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This working paper provides background information on what multilateral instruments have influenced or supported the Multinational Enterprises Guidelines and more.
The OECD Investment Committee invited consultation partners to provide answers to a list of questions derived from analytical work that looks at some of the generic ethics issues raised by investments in weak governance zones and also contains a case study of investment in the Democratic Republic of Congo.
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This document reproduces the Report by the Chair of the Annual Meeting of the National Contact Points which was held on 15-16 June 2005. It will form part of the forthcoming publication "Annual Report on the OECD Guidelines for Multinational Enterprises: 2005 Edition".
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A recurrent theme of OECD work on the OECD Guidelines for Multinational Enterprises is that corporate responsibility goes hand-in-hand with government responsibility. The current document summarises the results of a multi-stakeholder dialogue that has sought to provide inputs to an answer on the following central question: Do companies have different roles and responsibilities when operating in weak governance zones, where
In addition to reporting on trends and recent developments in international investment, this publication focuses on the Policy Framework for Investment, Public-Private Partnerships in the utilities sector and the role of development assistance in mobilising investment in Vietnam.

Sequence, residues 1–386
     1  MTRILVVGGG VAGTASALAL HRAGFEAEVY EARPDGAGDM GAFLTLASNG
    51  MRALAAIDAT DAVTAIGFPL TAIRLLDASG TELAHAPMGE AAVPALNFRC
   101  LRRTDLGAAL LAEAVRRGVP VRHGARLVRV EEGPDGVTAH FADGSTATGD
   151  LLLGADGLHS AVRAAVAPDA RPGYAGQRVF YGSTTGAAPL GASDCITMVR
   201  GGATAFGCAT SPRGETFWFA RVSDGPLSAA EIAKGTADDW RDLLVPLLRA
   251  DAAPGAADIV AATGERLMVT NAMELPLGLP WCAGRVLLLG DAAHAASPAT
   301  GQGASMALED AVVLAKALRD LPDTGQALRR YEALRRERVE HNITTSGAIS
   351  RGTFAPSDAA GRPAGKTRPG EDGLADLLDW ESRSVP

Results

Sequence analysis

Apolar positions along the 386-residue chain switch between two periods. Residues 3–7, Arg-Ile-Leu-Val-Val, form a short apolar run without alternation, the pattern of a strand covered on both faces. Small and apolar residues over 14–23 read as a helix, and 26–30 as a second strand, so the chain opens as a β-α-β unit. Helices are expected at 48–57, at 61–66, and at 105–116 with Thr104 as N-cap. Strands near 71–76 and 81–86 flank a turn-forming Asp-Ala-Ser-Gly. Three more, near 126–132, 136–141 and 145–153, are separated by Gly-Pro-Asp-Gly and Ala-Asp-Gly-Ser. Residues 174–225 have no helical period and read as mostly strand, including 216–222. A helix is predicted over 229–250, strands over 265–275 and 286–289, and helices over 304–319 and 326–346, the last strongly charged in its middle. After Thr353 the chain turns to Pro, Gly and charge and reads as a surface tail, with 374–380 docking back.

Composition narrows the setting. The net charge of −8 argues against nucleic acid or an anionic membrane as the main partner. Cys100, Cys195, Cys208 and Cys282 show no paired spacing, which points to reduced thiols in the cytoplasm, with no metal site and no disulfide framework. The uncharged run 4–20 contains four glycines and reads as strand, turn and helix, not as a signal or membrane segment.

This book provides an overview of the main tools and approaches available to enterprises wishing to put the Environment chapter of the OECD Guidelines into practice. Its numerous examples of companies’ experience with these tools show that sound environmental management is an integral part of sound business.
China needs to make wide-ranging changes in the way it runs its public and private sectors if it is to continue on a stable growth path leading to full integration into the world economy, according to a new report from the OECD.
The OECD Workshop on the Globalisation of Production, to be held in Paris on 15-16/11/2005, aims to examine some of the major challenges related to measuring and analysing the impact of the globalisation of production on employment, productivity and economic growth
This study quantifies the contribution of foreign affiliates to productivity growth using a growth accounting approach and compares the presence of foreign affiliates across OECD countries. The analysis confirms that foreign affiliates can make an important contribution to productivity growth.
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Promoting investment for growth and sustainable development worldwide is a core mission of the OECD. This mission has been entrusted to the Investment Committee.